Mayor Lori Lightfoot and the CTA escalated a mystifying turf war recently against Cook County and Metra on Chicago’s South Side CTA announced Feb. 10 that it would spend $38 million to study an extension of the Red Line to 130th Street. The proposed project is not just expensive for an aboveground rail line — its cost, $2.3 billion for 5.3 miles, could pay off CTA’s entire unfunded pension liability — but it also serves an area already covered by two Metra lines, Rock Island and Metra Electric.
Lightfoot still resists Metra’s proposals to run these lines more like the “L,” with frequent service, low fares and free transfers to CTA service. She is doing her constituents a disservice. Rather than invest in the Red Line boondoggle, the city should support efforts to fix up Metra, as community and business advocates on the South Side have long advocated.
Chicago’s Red Line vs. Metra squabble resembles other American transit fights only in its dysfunction and wastefulness; in every other way, it is unique. In New York, Boston, Philadelphia and elsewhere, transit advocates have long begged politicians and transit authorities to upgrade infrequent, high-priced commuter rail to rapid transit in the center city. City politicians usually agree: Who wouldn’t want better, cheaper service for their constituents, subsidized by other jurisdictions?
But suburban politicians and commuter rail agencies usually balk, fearing that allowing city residents to board for cheap near downtown will scare off their high-paying suburban customers. New York is facing this exact battle over a proposal to charge subway fares on commuter rail lines inside city limits, offsetting the lower revenue by eliminating train conductors and using more efficient methods of fare collection.
Similar battles have played out at the MBTA in Boston — which reduced fares on the Fairmount Line, but only runs it about once an hour and has not committed to retraining conductors as train drivers — and Philadelphia, where SEPTA’s Regional Rail scrapped a rapid transit conversion of the Fox Chase line during a strike in 1983.
In Chicago, conversely, suburban politicians in Cook County and Metra’s board support the South Side community’s eminently sensible wish list of efficient improvements to Metra Electric. It’s Mayor Lightfoot who supports an expensive alternative that would give the South Side inferior service.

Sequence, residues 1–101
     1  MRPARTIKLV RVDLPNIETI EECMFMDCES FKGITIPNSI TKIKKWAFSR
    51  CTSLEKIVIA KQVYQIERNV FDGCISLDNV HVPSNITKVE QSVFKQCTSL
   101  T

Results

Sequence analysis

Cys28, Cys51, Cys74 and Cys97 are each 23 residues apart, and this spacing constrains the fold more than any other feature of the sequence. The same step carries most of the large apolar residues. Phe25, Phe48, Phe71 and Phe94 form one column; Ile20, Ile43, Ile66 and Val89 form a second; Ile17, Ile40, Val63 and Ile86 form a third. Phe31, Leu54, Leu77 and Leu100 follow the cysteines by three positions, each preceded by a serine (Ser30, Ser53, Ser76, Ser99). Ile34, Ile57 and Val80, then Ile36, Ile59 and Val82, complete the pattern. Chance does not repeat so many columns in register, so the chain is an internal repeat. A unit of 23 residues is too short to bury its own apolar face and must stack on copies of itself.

Cook County and Metra even offered to compensate CTA for lost Red Line or bus fares from those who switch to the improved Metra, a response that obviated Lightfoot’s concern about losing CTA riders. Cheaper, more frequent Metra Service could begin immediately, and ultimately benefit much more of the city than a Red Line extension. This might be the first time Cook County and Metra care more about helping city commuters than the mayor and CTA.
If Lightfoot won’t play nice with Cook County and Metra’s unprecedentedly generous offer, the Federal Transit Administration should step in and reject federal funding for the Red Line extension. The point of federal involvement in local transit is to mediate pointless political rivalries in a way that provides the greatest public benefit and protects disadvantaged communities. Rare indeed is a better case for federal involvement than this one.
This fight is a no-brainer. Cancel the Red Line extension, send the CTA’s planned capital spending to the Cook County pilot with Metra, and start building the future that community leaders have demanded for decades: transit service and fare integration on Metra in Chicago.
This piece originally appeared at the Chicago Tribune
Alex Armlovich is a fellow at the Manhattan Institute.
Connor Harris is a policy analyst at the Manhattan Institute.
Photo by Scott Olson/Getty Images